I do not want an exclusively “queer” participation in Greek Life. I want genuinely passionate men and women to participate in Greek Life who could also be queer, who are seeking to be part of something greater than themselves, and who will not allow their Greek involvement to define them entirely, just as I do not prefer individuals who define themselves purely on her or his sexual orientation, gender identity, athletic ability, skin color, etc. A single characteristic of the individual should never have the power to step in for the individual as a whole. While I surely believe that numerous qualities help to shape an individual, I do not believe that they should stand in for and actively define a grouped experience. Yes, a young woman might be wearing three letters on a sweatshirt that define her in that moment, but she also bears olive skin, long brown hair, stress stemming from a phone call she recently shared one of her moms, and a financial debt of $80,000. We should not allow a single characteristic, such as Greek involvement, to define our interpretation of any individual.

In turn, I charge Greek organizations with the same responsibility: no single potential new member should be defined or viewed through one glimpse or moment of her or his character. Rather, I hope that Greek members take the time to genuinely converse with potential new members and gain insight into who the potential new members are and who they aspire to be. If members of Greek chapters are truly passionate about what their organization has done for them, they should put in the effort and dedication to enlighten non-members about what it means to be involved with Greek Life. I too encourage involvement in a Greek GSA as well as other groups on campus such as Q&A or Wetlands. A Greek GSA would create a space for positive reflection within the Greek community because it has the potential to offer the means for queer voices within Greek Houses to be heard. In a quest to fully understand how Greek Life is affecting the queer community on the larger Puget Sound campus, it would be beneficial to hear the sentiments, worries, and praises of queer members within Greek Life because their voices would evoke positive motivation and curiosity among those who are non-queer in the Greek community. This conversation could lead to community awareness and ideally, to action.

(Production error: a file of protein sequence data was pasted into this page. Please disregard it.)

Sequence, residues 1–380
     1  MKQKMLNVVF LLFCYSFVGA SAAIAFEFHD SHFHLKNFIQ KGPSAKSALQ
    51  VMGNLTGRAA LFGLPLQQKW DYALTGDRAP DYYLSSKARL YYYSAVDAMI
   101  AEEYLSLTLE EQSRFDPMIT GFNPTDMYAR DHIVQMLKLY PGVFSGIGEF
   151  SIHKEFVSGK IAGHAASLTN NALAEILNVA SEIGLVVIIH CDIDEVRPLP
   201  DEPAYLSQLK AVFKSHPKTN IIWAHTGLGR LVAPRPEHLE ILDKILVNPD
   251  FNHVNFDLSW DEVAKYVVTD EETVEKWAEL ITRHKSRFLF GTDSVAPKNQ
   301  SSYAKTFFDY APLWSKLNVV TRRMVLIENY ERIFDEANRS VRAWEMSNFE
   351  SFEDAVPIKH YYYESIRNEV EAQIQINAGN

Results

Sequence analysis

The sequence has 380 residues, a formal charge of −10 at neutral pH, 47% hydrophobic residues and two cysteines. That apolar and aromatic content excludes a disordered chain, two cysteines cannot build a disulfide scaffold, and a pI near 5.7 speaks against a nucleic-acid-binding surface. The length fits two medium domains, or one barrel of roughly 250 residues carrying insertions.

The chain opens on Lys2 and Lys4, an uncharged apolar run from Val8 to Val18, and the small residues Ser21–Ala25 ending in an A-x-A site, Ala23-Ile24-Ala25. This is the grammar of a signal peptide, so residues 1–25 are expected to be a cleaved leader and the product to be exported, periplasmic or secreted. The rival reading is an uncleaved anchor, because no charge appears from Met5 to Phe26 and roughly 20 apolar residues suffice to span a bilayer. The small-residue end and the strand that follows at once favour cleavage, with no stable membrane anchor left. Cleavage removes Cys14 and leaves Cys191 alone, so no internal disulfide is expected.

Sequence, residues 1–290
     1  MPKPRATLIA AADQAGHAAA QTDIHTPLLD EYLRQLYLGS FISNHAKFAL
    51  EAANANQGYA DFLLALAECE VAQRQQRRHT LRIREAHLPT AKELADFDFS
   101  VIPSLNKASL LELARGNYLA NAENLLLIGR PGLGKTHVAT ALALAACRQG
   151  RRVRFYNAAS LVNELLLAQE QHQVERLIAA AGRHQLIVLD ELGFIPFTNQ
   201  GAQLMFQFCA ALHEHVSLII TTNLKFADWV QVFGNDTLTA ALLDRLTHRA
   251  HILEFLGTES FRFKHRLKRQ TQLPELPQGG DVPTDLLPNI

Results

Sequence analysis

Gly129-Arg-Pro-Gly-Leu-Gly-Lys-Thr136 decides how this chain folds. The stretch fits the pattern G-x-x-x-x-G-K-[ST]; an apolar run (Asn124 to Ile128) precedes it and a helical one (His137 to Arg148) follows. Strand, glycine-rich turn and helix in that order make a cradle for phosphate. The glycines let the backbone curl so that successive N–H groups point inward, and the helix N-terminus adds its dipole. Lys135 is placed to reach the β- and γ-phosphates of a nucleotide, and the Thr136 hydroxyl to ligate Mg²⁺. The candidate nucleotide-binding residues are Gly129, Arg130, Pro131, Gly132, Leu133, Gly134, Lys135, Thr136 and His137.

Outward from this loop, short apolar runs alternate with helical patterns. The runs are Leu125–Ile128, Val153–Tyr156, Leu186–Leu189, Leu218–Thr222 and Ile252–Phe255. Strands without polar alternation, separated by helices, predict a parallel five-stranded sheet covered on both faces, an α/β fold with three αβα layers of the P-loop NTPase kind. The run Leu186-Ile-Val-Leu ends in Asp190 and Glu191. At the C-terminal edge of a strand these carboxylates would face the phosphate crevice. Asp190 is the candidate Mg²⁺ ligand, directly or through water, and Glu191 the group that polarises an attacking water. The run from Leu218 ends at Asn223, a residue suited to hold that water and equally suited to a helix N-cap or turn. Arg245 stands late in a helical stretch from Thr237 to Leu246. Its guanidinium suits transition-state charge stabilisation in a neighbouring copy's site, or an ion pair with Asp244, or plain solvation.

Phillip, I am so very sorry for the experience you had with one of your first interactions with Fraternity members. I am sorry that you were treated so terribly by individuals who had zero justified motivation for doing so. I am glad that you have found new pride after your traumatizing experience, and I am relieved to hear that you do not assign your experience to every Fraternity member who crosses your path. In reference to your concluding thoughts, I hope that some of my words, as a member of Greek Life, have at least illustrated to you my critical thinking in regards to the segregation that occurs in Greek Life.